Are electronic cigarettes harmful to innocent bystanders? The question remains unanswered. The number of substances smokers exhale, and exactly what those substances are, are brought to light in a new study.

Electronic cigarettes have become very popular in recent years. Approximately two million people in Germany have already changed over to the “vapor cigarette”, which many see as a healthy replacement to classic cigarettes.

However, many political voices are warning about potential health risks associated with the e-cigarette, suggesting that long-term outcomes remain unknown. Previous studies have shown mixed conclusions.

Research presented earlier this year at the European Respiratory Society’s Annual Congress 2012 suggested that electronic cigarettes do cause lung damage. They revealed that using an e-cigarette resulted in an increased airway resistance which lasted for 10 minutes.

By conducting a new independent study, researchers at the Fraunhofer Institute for Wood Research WKI in Braunschweig, strive to establish objectivity into this heated debate. The goal of the scientists involved was to explore whether or not e-cigarettes pollute the air around them, thus affecting innocent bystanders.

An e-cigarette is made up of an atomizer, a battery, a heating coil and a reservoir for the liquids used for producing vapor. These liquids heat up in the atomizer and are then vaporized at around 65 to 120 degrees Celsius. The e-cigarettes are activated by the smoker pressing the button or by suction. Liquids can come with or without nicotine and also with flavors such as amaretto, vanilla, almond, or apple.

Propylene glycol is the most common solvent and creates the atomized mist, that looks like smoke, when exhaling. Unlike regular cigarettes, which continuously produce smoke as the tobacco burns, the electronic equivalent only lets out volatile substances when it is active.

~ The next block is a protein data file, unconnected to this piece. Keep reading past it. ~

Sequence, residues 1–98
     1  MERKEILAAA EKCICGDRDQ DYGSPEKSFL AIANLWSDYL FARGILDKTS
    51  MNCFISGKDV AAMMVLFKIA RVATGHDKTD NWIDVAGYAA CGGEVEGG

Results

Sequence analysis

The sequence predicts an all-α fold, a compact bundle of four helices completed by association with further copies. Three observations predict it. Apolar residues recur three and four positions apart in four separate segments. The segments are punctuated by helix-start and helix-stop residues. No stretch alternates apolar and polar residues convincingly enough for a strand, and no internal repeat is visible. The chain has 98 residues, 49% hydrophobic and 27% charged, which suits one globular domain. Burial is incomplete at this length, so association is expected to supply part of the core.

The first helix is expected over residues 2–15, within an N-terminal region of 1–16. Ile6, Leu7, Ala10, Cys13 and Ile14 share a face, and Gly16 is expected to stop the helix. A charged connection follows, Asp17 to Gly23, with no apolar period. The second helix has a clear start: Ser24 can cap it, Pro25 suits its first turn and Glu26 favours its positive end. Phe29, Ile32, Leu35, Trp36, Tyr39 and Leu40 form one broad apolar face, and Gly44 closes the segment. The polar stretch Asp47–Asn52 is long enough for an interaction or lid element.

Dr. Tobias Schripp, scientist at Fraunhofer WKI and co-author of the study says, “In the e-cigarette, vaporized substances create an aerosol of ultrafine particles which become even finer when inhaled into the lungs. These tiny nanodroplets disperse over time. In contrast, the combustion process discharges solid particles that can remain in the surrounding air for a considerable time.”

The experts conducted a series of test chamber measurements to examine emissions of volatile organic compounds (VOCs), ultra fine particle, and formaldehyde, with specific focus on the concentration, quantity, and distribution of particles. Tests were done using participants in an 8-cubic-meter test chamber where they compared regular cigarettes with e-cigarettes consisting of a variety of liquids.

To figure out how the distribution of particles changes over many minutes, and the amount of propylene glycol released long-term, the vapor was pushed directly into a 10-liter glass chamber. The test was done on several different kinds of e-cigarettes, all containing the same liquid.

“In general, the emissions of VOCs and ultrafine particles when smoking an e-cigarette were lower than the equivalent emissions from a standard cigarette”, said Schripp.

Additionally, the researcher and his colleagues were unable to find any formaldehyde emissions from the e-cigarette. Regular cigarettes, on the other hand, surpassed the guideline value of 0.1 ppm (parts per million) for indoor air quality under the given test requirements. Vaporized propylene glycol was given off from both tobacco cigarettes and e-cigarettes. Pulmonologists are afraid this solubilizing agent can bother the airways when inhaled in big quantities.

Schripp explained:

While it is true that the electronic cigarette contributes less to indoor air pollution than tobacco cigarettes, it is not entirely emission-free. Consequently, it seems reasonable to assume that bystanders are exposed to the released vapor and thus ‘passive vaping’ is possible.”

The authors also criticized the product labeling which sometimes gives inadequate or vague information on the liquids used. Therefore, many times, e-smokers have no good way of knowing what potentially harmful substances they are inhaling and exhaling.